Since World War II, Toyota developed a novel system of management, which concentrated on the waste decrease in all its operational aspects to compete with its rivals specially. Therefore, lean, which causes inventories and lead-times reduction and quality and productivity improvement, were known as Toyota Production System [30,31]. Lean manufacturing not only enables the reduction of the waste but also increases the value via minimizing the waste. The objectives of lean production include (a) value identification and transference to the customers, (b) manufacture organizing as an ongoing flow, (c) making the production perfect and trustworthy flow through data distribution and making the decision, and (d) perfection tracking on customer order delivery according to his/her requirements with no inventory [32,33,34]. Waste types addressed in lean are transport, material wastes, time, movement, processing, inventory, and producing inventory production [35]. Numerous industries throughout the world have known and practiced lean production as the most effective novel paradigm in production [36]. In 1992, the lean manufacturing approach diffusion in construction was reported by Koskela [37], who introduced the paradigm of manufacture management that conceptualizes the manufacture in three supplementary methods, containing transformation, flow, and value generation (TFV) theory of production. TFV theory of production has been later formulated and led to the lean construction discipline generation that has transformed the current management of construction [37]. However, construction literature has paid little attention to develop guidelines and advanced information systems to utilize lean principles. Rather, the literature separately followed-up the agenda for developing the lean conceptual models, further not realizing the capability of emerging digital systems including BIM and IoT. The aim of this paper is to review the practice of utilizing Digital Twin, IoT, and cyber-physical systems in corporations with BIM for applying lean principles in the construction industry during the last decade. The first objective is to present the bibliographic information of the relevant literature in the last decade. The second objective is to identify the main conceptual themes and research directions in the literature, and consequently to identify gaps and directions for future studies.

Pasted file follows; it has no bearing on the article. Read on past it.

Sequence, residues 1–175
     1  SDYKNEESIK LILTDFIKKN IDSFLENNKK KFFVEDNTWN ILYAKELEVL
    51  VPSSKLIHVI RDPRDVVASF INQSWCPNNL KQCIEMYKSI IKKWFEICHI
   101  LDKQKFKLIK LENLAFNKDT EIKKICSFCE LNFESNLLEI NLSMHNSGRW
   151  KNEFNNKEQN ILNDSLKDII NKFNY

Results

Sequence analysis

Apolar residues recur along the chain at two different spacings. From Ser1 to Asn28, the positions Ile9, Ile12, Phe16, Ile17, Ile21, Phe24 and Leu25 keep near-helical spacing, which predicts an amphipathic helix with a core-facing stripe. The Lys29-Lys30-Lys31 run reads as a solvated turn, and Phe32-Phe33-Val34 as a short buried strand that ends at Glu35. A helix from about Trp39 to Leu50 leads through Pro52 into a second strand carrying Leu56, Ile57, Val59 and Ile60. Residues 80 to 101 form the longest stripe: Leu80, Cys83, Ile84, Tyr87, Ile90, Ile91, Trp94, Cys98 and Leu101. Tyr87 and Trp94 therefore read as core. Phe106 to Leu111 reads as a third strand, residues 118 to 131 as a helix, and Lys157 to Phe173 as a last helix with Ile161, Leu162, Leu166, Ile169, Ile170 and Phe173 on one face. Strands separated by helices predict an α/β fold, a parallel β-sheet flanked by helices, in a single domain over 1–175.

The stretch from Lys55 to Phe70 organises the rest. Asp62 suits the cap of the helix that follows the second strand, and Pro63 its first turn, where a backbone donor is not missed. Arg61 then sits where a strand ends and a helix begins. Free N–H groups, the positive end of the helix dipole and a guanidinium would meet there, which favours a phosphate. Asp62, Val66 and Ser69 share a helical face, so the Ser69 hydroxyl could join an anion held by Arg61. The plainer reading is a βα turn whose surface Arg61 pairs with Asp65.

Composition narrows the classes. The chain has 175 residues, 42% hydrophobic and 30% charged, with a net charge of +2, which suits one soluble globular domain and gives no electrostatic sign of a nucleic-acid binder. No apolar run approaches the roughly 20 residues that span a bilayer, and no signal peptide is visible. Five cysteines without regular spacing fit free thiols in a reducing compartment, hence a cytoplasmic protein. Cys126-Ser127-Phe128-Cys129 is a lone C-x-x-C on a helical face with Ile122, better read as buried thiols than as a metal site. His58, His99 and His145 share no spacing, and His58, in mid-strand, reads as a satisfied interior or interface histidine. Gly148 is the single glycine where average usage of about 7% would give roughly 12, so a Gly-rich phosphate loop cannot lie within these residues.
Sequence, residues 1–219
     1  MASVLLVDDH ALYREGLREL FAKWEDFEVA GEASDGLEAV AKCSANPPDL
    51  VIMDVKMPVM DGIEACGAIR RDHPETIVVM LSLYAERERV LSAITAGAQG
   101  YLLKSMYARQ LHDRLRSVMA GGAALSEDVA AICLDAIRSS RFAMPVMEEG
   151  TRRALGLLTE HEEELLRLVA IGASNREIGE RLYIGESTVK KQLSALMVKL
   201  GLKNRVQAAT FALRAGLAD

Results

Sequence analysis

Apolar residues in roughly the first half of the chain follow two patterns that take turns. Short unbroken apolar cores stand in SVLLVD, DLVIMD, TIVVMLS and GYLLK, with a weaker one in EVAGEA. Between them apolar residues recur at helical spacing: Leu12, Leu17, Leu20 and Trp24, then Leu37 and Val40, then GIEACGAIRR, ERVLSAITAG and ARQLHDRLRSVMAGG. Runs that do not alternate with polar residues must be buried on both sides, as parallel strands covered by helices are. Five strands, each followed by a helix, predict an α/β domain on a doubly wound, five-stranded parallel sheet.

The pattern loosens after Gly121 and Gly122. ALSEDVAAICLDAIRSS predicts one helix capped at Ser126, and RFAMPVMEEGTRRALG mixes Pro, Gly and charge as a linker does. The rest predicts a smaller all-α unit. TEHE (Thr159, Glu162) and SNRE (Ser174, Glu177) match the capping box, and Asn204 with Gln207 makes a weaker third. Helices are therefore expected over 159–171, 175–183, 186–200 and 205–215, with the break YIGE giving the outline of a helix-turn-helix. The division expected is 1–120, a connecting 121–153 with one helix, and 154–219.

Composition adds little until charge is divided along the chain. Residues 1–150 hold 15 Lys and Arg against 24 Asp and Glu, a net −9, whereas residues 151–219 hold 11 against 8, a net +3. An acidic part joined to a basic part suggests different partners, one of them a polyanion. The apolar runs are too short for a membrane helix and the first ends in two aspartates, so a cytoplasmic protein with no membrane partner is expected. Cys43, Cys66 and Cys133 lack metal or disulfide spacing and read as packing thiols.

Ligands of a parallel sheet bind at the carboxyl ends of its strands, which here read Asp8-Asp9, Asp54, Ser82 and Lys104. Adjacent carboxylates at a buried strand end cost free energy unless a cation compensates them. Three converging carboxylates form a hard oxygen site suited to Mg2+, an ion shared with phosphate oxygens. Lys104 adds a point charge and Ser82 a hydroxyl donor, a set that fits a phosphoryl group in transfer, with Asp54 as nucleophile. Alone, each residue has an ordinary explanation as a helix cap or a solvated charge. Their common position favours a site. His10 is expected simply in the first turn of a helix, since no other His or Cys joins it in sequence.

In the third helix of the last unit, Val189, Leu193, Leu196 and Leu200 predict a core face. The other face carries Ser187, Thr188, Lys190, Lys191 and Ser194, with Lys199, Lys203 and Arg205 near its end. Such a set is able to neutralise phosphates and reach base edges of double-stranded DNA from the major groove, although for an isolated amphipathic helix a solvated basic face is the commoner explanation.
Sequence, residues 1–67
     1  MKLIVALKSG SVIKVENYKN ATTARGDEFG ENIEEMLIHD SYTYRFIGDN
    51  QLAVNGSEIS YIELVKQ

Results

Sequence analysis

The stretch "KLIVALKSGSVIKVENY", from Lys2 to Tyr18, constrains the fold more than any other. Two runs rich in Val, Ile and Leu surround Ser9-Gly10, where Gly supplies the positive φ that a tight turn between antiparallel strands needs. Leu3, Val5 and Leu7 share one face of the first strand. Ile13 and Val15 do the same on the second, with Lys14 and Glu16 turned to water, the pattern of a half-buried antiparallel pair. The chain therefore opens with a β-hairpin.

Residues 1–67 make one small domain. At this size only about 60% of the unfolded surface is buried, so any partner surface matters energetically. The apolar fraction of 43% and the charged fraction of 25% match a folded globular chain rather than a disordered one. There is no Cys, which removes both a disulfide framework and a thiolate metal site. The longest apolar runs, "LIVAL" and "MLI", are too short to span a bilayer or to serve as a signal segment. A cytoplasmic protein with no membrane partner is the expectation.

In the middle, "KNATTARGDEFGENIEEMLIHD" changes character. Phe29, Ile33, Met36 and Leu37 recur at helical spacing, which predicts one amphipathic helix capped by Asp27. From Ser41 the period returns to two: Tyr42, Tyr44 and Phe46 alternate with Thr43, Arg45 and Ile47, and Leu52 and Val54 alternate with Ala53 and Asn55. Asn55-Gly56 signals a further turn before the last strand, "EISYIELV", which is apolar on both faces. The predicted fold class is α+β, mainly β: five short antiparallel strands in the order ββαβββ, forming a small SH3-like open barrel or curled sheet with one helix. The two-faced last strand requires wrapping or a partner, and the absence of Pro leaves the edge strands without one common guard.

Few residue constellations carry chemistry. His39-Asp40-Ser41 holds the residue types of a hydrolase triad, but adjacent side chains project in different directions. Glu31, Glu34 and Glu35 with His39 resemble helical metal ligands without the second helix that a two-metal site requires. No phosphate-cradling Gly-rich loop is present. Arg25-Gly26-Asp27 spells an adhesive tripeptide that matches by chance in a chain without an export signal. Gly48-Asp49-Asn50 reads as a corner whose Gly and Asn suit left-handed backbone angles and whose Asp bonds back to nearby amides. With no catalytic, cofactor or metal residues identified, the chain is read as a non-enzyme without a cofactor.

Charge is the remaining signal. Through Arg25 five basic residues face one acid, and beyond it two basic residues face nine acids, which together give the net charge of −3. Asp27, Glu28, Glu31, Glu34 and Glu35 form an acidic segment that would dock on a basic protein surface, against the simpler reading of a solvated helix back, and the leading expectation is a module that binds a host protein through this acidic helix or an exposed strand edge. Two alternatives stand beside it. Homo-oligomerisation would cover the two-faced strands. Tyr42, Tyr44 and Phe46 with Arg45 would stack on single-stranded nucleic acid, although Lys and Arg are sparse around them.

2. Method and Procedures

Step 1: Databases Selection for Identifying Lean BIM Articles
This step was conducted in two stages. At first, to acquire relevant journals to lean and BIM in the construction industry, related publications were chosen from Scopus ( As the scope of this research was mainly in the construction industry, at this stage, journals were chosen using keywords such as “building,” “architecture,” “construction,” “engineering,” “BIM,” “lean construction,” “project management,” “civil,” and “building technology” to cover all aspects in this discipline. According to the Cite-Score metric in the Scopus database, which is launched by Elsevier, 16 international peer-reviewed journals whose Cite-Score metric is more than 1.5 were identified. The first search strings and the preliminary search resulted in 961 articles using the following string: (TITLE-ABS-KEY (IOT OR “Internet of Things” OR “cyber-physical systems”) AND TITLE-ABS-KEY (BIM OR “building information model*” OR “Digital Twin”)). The second search strings and the preliminary search resulted in 619 articles were found in Scopus using following the string: (TITLE-ABS-KEY (lean), AND TITLE-ABS-KEY (IOT OR “Internet of Things” OR “cyber-physical systems” OR BIM OR “building information model*” OR “Digital Twin”)) and 14 articles were found in Scopus using the string: (TITLE-ABS-KEY (lean) AND TITLE-ABS-KEY (IOT OR “Internet of Things” OR “cyber-physical systems”) AND TITLE-ABS-KEY (BIM OR “building information model*” OR “Digital Twin”) AND TITLE-ABS-KEY (construction industry OR “building” OR “architecture*”)).
Step 2: Primary Search
The keyword “lean” was the primary controlled criteria and a keyword for selecting papers. The database was used to conduct the search and identify papers published between the years 2000 and 2020, utilizing the criteria in a specific area, including titles, keywords, and abstracts.
Step 3: Lean and BIM Articles Refinement